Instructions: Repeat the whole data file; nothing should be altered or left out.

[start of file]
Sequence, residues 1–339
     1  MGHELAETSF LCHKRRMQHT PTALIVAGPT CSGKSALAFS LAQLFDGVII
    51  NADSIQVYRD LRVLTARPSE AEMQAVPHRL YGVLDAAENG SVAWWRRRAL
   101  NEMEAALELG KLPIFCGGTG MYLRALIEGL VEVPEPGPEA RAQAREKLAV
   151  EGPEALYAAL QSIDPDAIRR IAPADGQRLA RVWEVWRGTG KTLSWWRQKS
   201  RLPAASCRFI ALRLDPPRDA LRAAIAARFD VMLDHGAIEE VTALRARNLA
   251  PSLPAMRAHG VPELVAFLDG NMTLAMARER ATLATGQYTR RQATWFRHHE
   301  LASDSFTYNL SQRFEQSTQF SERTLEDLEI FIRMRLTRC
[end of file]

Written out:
Sequence, residues 1–339
     1  MGHELAETSF LCHKRRMQHT PTALIVAGPT CSGKSALAFS LAQLFDGVII
    51  NADSIQVYRD LRVLTARPSE AEMQAVPHRL YGVLDAAENG SVAWWRRRAL
   101  NEMEAALELG KLPIFCGGTG MYLRALIEGL VEVPEPGPEA RAQAREKLAV
   151  EGPEALYAAL QSIDPDAIRR IAPADGQRLA RVWEVWRGTG KTLSWWRQKS
   201  RLPAASCRFI ALRLDPPRDA LRAAIAARFD VMLDHGAIEE VTALRARNLA
   251  PSLPAMRAHG VPELVAFLDG NMTLAMARER ATLATGQYTR RQATWFRHHE
   301  LASDSFTYNL SQRFEQSTQF SERTLEDLEI FIRMRLTRC